Adverse drug events continue to be the single most frequent source of healthcare mishaps, continually placing patients at risk of injury. This is not unexpected, given that drug treatment is the most common medical intervention and medication use is a highly complex, multidisciplinary, and largely manual process. Assessing the actual safety of drug use has been historically difficult, mainly because traditional methods such as chart audits and voluntary reporting of data have been shown to be expensive, insensitive, and largely ineffective for detecting mistakes in drug administration and drug related adverse clinical events (ADEs). Computerized methods for detecting ADEs, employing sentinel words or “triggers” in a patient’s medical record, are effective but expensive and require customized software linkage to pharmacy databases. This paper describes the use of the “trigger tool”, a relatively low cost and “low tech” modification of the automated technique. The adapted technique appears to increase the rate of ADE detection approximately 50-fold over traditional reporting methodologies.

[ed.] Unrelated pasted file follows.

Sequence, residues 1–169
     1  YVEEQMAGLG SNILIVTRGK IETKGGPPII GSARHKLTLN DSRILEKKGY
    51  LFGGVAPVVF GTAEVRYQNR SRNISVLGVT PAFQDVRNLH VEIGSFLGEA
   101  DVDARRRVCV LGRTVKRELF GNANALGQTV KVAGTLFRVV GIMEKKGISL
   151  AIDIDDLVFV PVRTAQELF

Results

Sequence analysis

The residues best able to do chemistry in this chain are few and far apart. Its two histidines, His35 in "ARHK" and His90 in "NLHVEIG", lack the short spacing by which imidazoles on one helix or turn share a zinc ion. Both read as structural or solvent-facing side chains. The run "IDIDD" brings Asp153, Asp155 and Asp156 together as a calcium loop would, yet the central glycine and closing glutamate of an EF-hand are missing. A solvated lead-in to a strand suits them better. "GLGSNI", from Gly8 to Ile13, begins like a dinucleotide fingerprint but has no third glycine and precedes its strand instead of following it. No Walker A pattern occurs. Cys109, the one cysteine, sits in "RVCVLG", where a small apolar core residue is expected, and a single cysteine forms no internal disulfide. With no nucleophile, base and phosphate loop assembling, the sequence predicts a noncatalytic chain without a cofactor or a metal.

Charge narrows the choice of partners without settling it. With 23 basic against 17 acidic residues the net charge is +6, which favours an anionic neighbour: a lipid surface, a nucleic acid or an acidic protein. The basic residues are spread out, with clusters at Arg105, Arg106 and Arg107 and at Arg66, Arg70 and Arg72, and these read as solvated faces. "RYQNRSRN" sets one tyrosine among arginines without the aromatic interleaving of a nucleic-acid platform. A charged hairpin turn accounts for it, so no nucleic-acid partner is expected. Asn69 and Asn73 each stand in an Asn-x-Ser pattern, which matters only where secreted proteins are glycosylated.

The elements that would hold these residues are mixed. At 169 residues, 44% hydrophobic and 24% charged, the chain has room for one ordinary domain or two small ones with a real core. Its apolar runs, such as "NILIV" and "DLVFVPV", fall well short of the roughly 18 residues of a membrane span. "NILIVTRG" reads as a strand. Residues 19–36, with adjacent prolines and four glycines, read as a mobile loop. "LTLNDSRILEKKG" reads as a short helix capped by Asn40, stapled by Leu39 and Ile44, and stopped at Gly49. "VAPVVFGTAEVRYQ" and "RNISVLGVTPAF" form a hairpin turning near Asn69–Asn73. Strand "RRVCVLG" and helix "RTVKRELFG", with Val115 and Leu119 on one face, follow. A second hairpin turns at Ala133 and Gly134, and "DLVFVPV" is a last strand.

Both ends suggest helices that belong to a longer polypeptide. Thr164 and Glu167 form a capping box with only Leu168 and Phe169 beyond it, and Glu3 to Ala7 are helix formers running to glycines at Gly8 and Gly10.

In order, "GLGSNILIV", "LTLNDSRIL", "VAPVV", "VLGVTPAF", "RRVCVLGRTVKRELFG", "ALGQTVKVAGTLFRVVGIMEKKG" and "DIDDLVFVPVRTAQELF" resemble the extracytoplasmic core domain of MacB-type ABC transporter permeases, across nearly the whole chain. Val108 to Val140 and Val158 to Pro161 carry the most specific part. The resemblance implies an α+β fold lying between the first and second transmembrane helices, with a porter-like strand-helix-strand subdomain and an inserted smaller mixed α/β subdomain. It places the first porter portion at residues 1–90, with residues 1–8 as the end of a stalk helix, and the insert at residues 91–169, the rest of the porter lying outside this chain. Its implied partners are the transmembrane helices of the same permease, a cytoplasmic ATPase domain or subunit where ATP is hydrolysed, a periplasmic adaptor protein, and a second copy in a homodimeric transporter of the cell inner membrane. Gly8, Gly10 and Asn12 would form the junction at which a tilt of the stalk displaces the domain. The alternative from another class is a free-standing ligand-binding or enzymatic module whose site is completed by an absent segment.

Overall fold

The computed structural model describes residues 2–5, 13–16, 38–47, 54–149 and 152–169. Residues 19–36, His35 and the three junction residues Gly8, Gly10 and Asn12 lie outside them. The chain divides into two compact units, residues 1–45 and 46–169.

- adverse drug events
- patient safety
- trigger tool
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↵* Medical background is a generic term used in this paper to underscore that nurses, laboratory, medical informatics, and pharmacy technicians, administrators and physicians were participants in learning the trigger tool technique. The distinction is to underscore the concept that individuals unfamiliar with the medical record or any aspect of medical practice are unlikely to become competent in the role of reviewing or auditing medical records with the trigger tool.
See editorial commentary, pp 165–6
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